Where predictions are not available for those applicants who are re-taking part or all of a qualification, we will normally base our assessment on the assumption that they are likely to achieve one grade higher than their original result.
The University does not discriminate against applicants who have re-taken part or all of a qualification. [source: General Academic Entry Requirements]
Imperial College, London
The majority of our entrants will hold A* or A grades in all their subjects at A level. Programmes require excellent passes in a minimum of three A levels, two of which will usually be required in the following subjects: Mathematics, Further Mathematics, Physics, Chemistry or Biology. Programme specific entry requirement details are provided in the College’s undergraduate prospectus and within the UCAS entry profiles.
Applicants for medical programmes are required to achieve the three required A levels in one sitting.
Applicants may also not present two A levels in the same subject awarded by two different examination boards that have been sat in the same sitting. [source]
Kent, University of
If you are unsuccessful in gaining a place, this does not prevent you from applying to Kent again in the future, especially if you are retaking your exams or taking additional qualifications. [source]
King's College, London
Please note that whilst King’s encourages students to stretch themselves academically, students who are entered early for their examinations should have the potential to achieve the same grade as might be expected if they were entered in the standard year. Therefore, if you gain an A-level B in Year 11, this will not be considered as good as a student who achieved a grade A in year 12. 
The majority of our courses will consider applicants who are re-sitting their exams according to the standard selection process.
London School of Economics (LSE)
Given the competition for places and the nature of assessment at LSE, we prefer students who have achieved high grades in their first attempt (and in one sitting) at relevant examinations. If extenuating circumstances have impacted your exam performance, you should include details of these in your application.
Applications will be considered against the standard selection process of your chosen course if you have either:
a) sat your examinations early;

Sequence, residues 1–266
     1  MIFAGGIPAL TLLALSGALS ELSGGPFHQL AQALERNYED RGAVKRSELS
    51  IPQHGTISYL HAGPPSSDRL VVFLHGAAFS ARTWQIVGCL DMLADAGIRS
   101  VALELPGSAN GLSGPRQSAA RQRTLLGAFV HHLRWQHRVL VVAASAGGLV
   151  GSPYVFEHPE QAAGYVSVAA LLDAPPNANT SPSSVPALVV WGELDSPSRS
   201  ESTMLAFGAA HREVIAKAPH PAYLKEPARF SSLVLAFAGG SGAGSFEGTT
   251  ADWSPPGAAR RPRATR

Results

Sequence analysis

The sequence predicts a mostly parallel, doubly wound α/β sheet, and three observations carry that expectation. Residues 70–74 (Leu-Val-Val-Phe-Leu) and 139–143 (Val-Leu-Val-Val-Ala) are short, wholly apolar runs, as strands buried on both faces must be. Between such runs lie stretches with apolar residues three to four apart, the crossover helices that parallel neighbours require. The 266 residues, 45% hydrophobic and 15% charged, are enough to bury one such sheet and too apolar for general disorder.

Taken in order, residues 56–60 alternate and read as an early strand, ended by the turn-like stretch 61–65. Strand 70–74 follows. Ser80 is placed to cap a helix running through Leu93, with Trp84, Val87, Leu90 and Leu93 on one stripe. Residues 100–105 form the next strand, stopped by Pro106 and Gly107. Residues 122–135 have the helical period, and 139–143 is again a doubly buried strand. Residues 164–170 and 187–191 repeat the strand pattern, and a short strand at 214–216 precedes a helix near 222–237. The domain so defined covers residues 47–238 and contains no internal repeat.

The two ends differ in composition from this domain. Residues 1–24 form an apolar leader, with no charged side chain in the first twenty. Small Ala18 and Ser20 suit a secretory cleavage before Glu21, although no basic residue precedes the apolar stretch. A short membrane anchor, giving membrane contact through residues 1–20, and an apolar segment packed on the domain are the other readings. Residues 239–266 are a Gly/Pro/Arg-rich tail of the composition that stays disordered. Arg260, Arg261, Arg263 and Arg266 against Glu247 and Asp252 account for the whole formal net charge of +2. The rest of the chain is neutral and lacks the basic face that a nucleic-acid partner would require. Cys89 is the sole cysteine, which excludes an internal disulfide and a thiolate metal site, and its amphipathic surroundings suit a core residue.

b) followed an accelerated curriculum and spent three years studying A-levels where the examinations were taken over two years.
If a student is studying an advanced curriculum where the examinations are spread over three years, consideration for an offer will be at the discretion of the academic School for that subject. Each applicant in these circumstances is considered on a case-by-case basis and we may request further information to support our overall review of the application. [source]
4.7 Non-standard patterns of examination entry and resits
The University normally expects applicants to demonstrate that they can succeed on a demanding course of study within a defined timescale, as exemplified by (but not limited to) the achievement of three A levels (not including General Studies and Critical Thinking) over the course of a maximum of two years of study.
Students who resit individual units to improve their A-level grades within this timeframe will not be penalised. However, students who resit their final Year 13 examinations may be at a disadvantage when considered alongside those who have attained the required grades within the usual timeframe. Some courses will not consider candidates who have taken three years to reach the required level of attainment.
Though all applications will be considered on their individual merits, students who follow a curriculum where the normal number of required examinations are spread over three or more years may be at a disadvantage when considered alongside those who have attained the required grades within the standard timeframe, and some courses will not consider such candidates.
If students take examinations early (relative to the majority of the cohort) allowances will not be made for lower grades achieved.
What is it like doing A-levels from home education? How do families decide whether it is right for them? Here are some comments from home educators: Case Studies: A Levels at Home